Unfortunately, there is usually a large stumbling blog that prevents you from doing all of this: the introduction. That’s right—before you can get into the meat of the presentation or speech, you have to wake your audience up, tell them what you’re going to talk about, and give them reasons to be interested. And your introduction is the tool you will use to accomplish this.
Now, one way in which you can instrumentalize your introduction to achieve this end is to use it to tease some of the more important findings or things that you will include in the rest of the speech. For instance, if it is a wedding speech, you might say that you’re going to reveal something about the groom that no one else knows—including the bride.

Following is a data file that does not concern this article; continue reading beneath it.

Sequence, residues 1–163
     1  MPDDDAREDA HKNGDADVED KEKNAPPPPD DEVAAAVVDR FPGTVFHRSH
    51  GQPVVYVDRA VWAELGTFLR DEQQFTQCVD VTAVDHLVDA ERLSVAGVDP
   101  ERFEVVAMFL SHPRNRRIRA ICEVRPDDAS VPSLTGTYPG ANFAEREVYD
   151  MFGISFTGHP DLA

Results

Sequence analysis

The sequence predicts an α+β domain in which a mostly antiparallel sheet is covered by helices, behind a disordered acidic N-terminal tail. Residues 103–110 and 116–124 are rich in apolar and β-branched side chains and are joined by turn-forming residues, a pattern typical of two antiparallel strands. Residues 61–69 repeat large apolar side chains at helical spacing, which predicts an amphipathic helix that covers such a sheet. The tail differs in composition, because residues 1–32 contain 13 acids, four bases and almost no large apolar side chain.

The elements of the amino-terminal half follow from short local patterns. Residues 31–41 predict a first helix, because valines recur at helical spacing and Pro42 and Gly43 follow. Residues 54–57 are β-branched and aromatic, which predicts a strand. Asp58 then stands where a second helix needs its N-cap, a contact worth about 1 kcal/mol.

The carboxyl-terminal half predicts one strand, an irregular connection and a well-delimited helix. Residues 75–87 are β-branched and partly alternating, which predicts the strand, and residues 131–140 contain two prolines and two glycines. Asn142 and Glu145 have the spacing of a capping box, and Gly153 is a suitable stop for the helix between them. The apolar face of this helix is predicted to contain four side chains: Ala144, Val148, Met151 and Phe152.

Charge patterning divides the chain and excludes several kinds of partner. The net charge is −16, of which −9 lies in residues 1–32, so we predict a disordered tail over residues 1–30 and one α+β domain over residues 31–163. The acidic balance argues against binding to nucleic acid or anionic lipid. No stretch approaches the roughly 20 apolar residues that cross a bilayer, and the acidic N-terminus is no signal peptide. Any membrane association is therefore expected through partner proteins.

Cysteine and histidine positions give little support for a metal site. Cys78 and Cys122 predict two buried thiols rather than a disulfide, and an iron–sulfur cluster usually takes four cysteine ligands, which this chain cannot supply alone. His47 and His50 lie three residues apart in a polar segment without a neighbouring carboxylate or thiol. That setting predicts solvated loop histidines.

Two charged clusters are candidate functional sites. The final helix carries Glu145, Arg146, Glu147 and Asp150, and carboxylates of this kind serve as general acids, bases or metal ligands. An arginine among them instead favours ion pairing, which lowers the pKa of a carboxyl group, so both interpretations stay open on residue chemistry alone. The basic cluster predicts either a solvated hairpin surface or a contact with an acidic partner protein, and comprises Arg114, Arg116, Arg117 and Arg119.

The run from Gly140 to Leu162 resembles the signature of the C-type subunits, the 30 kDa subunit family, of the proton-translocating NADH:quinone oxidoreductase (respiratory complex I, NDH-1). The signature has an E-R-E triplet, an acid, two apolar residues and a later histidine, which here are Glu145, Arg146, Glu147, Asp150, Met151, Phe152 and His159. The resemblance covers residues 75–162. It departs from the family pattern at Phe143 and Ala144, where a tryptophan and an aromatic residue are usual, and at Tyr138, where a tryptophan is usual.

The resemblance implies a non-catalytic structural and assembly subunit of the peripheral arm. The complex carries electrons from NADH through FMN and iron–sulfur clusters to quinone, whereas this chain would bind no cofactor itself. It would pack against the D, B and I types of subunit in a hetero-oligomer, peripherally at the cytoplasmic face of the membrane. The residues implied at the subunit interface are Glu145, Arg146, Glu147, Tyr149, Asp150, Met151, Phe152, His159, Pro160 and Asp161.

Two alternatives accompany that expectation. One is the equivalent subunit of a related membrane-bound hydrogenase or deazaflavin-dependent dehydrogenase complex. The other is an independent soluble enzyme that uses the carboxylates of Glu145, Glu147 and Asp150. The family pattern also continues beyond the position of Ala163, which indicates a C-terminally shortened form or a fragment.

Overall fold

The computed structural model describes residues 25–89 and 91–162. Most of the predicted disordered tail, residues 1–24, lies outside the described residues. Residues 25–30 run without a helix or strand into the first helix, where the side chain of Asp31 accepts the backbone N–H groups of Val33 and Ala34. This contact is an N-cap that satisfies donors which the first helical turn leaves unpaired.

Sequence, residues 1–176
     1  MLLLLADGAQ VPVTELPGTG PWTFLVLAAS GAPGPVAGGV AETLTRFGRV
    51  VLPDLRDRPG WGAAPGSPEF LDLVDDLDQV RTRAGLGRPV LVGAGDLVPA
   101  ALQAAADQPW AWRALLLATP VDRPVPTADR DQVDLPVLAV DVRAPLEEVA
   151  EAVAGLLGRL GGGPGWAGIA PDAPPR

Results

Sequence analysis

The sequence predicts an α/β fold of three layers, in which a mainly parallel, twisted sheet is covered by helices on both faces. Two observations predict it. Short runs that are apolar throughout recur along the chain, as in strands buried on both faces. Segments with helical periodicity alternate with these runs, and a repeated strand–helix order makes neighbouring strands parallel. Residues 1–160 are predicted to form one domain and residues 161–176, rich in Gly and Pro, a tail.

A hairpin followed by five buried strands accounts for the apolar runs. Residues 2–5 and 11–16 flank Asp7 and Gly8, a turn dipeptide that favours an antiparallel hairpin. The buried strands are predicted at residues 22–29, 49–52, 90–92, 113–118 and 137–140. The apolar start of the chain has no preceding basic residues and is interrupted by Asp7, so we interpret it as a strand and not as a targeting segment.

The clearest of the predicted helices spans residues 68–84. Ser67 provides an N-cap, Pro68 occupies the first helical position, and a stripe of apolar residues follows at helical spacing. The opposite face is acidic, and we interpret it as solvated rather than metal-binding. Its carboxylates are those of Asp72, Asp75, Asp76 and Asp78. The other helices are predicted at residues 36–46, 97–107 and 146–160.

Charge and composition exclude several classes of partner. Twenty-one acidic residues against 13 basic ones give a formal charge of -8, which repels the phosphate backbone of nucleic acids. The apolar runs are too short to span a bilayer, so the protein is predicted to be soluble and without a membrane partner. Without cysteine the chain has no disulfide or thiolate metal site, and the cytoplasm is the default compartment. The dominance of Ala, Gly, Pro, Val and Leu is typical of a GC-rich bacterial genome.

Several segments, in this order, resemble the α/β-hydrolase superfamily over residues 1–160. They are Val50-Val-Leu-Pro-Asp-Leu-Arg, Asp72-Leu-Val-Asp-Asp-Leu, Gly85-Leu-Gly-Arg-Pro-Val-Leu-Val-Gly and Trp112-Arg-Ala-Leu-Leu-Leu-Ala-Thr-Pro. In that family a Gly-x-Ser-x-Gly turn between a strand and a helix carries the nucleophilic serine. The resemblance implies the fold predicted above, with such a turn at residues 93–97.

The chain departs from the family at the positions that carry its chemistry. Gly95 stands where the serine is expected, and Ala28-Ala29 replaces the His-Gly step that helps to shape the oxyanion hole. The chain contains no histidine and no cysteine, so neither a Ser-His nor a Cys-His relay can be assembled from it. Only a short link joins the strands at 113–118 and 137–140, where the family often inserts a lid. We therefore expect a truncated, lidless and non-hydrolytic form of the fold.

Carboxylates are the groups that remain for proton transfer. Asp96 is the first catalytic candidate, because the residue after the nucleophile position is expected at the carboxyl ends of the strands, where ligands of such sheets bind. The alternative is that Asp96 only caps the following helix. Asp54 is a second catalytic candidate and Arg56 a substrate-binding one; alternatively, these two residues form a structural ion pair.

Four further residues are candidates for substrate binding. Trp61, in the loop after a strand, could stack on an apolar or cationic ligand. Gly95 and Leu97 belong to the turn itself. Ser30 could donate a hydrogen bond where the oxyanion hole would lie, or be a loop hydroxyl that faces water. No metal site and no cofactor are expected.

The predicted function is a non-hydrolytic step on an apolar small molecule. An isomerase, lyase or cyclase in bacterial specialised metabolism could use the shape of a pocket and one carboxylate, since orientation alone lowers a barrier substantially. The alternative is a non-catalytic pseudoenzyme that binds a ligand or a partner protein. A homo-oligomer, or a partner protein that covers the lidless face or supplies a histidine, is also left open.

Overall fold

Alternatively, if you’re doing an academic presentation, you might consider teasing some of the important findings from your work. For instance, you might simply say “I found X,Y, and Z” in your introduction. You might think that it gives away too much too early, but in fact, it will focus your audience on the right idea—and will give them motivation to retain the rest of the information.
Source of Information : Public Speaking Exposed